Ten years ago: Ghanaian bandwidth nationalism
Nii Quaynor is perhaps the original Ghanaian Internet pioneer. Not only did he start one of West Africa’s first Internet providers, Network Computer Systems of Accra, but he has been director of ICANN for the Africa region and is founding chairman of AfriNIC. Additionally, Mr. Quaynor holds positions on UN, World Bank, ITU, and Internet Society endeavors. Impressive, to say the least.
Mr. Quaynor’s successes didn’t happen by letting the international bandwidth paradigm dominate the Ghanaian telecoms industry. Instead, Mr. Quaynor followed a nationalistic (and practical) ideology: effectively punish Ghanaians who access international sites and propose that affluent countries support higher-than-reasonable Internet costs (up to 40x higher than in the U.S.) in developing Africa.
The high costs due to a lack of infrastructure were compounded by the fact that roughly half of Ghanaian Internet traffic went to U.S.-based Hotmail and Yahoo. To top off the issue, most Ghanaian firms hosted websites abroad. Accordingly, Ghanaian networks were unnecessarily congested with international traffic. To Mr. Quaynor, a prudent man who had his mind on long-term economic sustainability, the solution was to encourage Ghanaian traffic. In today’s Facebook age, however, these practices of bandwidth nationalism would be unlikely to carry much support.
A 2001 Boston Globe article (actually part of a three-day series on wiring Africa) highlights how Network Computer Systems allocated bandwidth to some of its subscribers:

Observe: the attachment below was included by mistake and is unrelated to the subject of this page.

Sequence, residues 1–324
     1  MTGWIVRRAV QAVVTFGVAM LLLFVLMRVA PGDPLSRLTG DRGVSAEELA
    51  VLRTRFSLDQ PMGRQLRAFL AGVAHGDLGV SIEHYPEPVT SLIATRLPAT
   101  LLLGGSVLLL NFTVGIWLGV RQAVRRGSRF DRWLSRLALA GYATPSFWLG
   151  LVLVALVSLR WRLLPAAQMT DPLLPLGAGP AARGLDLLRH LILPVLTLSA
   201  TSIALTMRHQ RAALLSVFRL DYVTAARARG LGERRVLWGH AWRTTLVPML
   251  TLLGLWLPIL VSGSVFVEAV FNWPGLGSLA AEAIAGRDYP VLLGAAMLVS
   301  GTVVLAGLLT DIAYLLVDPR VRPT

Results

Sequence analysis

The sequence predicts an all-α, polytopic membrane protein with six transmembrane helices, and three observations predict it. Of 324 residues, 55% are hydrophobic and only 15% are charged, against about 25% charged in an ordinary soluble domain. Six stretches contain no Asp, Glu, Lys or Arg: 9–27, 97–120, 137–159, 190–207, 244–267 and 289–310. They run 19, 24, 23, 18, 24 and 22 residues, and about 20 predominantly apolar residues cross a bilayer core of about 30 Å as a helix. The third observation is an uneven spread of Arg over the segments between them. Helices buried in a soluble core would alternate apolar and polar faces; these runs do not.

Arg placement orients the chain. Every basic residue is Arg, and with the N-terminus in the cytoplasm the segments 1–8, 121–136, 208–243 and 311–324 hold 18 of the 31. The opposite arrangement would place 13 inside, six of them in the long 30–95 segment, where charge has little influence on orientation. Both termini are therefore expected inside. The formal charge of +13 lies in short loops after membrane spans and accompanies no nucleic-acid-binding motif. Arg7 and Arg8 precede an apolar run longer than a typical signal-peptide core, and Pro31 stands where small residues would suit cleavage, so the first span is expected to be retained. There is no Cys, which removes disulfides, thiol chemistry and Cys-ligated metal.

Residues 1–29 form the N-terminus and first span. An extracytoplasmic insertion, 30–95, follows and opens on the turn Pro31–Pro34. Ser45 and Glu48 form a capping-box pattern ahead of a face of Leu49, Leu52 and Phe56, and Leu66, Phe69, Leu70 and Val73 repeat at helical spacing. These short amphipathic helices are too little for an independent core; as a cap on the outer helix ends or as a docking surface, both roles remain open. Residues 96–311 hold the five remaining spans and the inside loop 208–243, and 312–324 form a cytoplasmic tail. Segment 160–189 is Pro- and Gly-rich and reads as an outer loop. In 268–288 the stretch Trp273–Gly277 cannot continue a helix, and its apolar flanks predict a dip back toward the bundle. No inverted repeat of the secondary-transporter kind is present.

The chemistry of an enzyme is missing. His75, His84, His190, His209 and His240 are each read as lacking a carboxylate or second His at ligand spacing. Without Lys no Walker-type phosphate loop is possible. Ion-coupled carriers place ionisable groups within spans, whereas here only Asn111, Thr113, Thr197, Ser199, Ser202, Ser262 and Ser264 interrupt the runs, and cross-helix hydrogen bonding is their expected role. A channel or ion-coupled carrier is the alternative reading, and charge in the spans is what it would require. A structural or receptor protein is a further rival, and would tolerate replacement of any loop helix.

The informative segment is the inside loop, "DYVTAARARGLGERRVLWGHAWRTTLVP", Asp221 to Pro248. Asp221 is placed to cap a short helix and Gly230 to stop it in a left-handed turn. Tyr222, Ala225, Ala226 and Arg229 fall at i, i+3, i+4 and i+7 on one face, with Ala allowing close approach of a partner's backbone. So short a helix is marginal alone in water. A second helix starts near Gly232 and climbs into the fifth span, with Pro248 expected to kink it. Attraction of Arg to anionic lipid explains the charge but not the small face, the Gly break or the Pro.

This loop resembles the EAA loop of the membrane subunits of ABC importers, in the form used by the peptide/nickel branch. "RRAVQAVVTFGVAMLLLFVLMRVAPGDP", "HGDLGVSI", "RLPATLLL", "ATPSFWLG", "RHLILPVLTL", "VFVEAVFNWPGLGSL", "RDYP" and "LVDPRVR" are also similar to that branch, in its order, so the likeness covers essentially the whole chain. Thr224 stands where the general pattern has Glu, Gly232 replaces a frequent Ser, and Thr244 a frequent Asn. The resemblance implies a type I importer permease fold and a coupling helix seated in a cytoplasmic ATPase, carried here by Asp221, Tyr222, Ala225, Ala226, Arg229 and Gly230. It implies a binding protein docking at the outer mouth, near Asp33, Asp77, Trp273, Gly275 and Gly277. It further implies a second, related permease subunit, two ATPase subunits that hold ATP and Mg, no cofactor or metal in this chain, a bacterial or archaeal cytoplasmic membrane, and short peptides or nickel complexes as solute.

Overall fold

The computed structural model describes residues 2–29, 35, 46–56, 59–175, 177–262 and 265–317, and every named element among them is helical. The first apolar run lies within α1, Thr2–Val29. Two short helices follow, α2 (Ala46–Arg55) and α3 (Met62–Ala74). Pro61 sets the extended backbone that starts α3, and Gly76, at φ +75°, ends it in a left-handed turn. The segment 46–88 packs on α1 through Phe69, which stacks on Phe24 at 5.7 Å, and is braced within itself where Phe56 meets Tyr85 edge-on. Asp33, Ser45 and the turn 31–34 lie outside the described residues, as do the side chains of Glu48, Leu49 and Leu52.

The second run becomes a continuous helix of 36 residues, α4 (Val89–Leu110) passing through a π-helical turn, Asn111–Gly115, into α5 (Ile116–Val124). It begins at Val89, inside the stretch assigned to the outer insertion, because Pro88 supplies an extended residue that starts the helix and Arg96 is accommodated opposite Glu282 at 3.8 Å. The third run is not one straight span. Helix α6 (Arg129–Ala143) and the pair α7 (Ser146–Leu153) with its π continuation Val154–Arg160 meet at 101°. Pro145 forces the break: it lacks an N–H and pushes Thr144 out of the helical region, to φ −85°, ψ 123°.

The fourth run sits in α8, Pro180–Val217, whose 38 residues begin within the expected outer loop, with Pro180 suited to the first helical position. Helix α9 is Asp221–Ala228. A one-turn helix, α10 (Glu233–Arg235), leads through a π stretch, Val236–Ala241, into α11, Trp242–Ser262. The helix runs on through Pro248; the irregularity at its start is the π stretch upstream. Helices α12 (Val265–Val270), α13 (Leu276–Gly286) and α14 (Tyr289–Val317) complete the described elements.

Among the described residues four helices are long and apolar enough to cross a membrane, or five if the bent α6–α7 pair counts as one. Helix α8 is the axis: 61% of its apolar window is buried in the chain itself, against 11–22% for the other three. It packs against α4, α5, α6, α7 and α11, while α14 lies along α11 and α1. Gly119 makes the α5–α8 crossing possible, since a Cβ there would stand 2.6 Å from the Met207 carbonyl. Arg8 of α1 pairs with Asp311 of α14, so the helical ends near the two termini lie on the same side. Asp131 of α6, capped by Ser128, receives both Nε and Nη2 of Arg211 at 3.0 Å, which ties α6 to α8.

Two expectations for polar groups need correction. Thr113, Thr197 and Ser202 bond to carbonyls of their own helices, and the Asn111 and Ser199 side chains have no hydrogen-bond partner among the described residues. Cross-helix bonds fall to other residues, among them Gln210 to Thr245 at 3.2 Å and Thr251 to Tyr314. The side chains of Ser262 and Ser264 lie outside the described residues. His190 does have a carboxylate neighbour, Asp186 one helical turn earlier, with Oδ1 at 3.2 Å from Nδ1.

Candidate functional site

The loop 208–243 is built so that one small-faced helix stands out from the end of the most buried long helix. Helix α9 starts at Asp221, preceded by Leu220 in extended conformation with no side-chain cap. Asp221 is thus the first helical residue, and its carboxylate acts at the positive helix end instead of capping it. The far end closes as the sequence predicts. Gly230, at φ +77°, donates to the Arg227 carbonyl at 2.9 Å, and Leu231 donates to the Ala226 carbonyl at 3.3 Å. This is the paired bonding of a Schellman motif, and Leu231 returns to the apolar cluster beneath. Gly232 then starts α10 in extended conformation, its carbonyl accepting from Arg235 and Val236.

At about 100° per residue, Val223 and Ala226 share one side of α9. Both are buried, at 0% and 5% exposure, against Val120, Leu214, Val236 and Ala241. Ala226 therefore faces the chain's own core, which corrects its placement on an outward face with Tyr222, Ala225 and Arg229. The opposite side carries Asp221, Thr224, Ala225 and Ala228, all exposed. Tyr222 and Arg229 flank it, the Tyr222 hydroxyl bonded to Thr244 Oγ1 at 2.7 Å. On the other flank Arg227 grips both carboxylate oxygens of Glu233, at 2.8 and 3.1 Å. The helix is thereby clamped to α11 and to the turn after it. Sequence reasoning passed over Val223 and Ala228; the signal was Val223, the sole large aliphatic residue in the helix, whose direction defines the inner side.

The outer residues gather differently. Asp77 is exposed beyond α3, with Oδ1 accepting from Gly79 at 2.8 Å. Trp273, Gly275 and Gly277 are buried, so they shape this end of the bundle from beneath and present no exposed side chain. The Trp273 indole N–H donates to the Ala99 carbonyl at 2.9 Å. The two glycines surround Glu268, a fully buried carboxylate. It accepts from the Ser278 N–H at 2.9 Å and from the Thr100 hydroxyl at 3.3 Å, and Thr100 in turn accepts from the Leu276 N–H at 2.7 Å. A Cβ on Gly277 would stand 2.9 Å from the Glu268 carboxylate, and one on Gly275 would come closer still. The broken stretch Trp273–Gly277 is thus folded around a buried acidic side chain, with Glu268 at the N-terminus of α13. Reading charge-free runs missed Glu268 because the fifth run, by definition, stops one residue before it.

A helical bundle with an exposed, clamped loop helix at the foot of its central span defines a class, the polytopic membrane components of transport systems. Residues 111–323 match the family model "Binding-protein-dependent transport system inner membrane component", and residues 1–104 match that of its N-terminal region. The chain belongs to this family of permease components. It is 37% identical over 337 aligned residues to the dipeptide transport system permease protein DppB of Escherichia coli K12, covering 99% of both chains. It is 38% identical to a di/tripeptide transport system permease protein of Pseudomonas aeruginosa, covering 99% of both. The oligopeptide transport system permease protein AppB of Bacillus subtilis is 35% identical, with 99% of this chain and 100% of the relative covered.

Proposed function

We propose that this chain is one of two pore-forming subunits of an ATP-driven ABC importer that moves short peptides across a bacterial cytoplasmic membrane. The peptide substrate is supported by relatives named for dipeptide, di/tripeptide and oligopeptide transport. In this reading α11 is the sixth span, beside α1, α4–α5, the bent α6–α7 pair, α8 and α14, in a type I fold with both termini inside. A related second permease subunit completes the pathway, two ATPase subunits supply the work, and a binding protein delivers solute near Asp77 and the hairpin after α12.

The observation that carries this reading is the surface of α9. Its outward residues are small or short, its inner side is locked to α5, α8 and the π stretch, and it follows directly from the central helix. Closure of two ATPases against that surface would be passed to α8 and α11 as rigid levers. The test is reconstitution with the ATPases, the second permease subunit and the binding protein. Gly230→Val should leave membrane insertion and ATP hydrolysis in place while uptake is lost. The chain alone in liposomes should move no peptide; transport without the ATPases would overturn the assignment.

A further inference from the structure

- NCS would closely monitor traffic of major accounts
- Users faced increased usage rates if a large enough share of traffic went to international servers (rather than .gh sites)
- Moreover, NCS would adjust the network to limit the bandwidth for those accessing non-African sites (a punishment, of sorts)
Additionally, Quaynor considered having foreign users who email Ghana pay a fee to the ISP, much like how the phone companies structured usage. He, along with others at the Internet Society, also debated tacking on a “moral obligation fee” to Internet users in more affluent nations. Foreigners would therefore contribute to infrastructure-building efforts in Africa.
Of course, these nationalist recommendations did not stick, and today we have an open Internet with data caps (if they even exist) based on absolute or time-of-day data rather than international data flow. Ten years ago, the Ghanaian business climate was not nearly as lucrative as it is now to foreign investment. GDP was not as strong either. One of the ways to even the playing field was to handicap African access costs.
The importance of this example is how Mr. Quaynor took initiative to stand up for the African public. His innovative viewpoints undoubtedly contributed to the telecoms growth Ghana now experiences.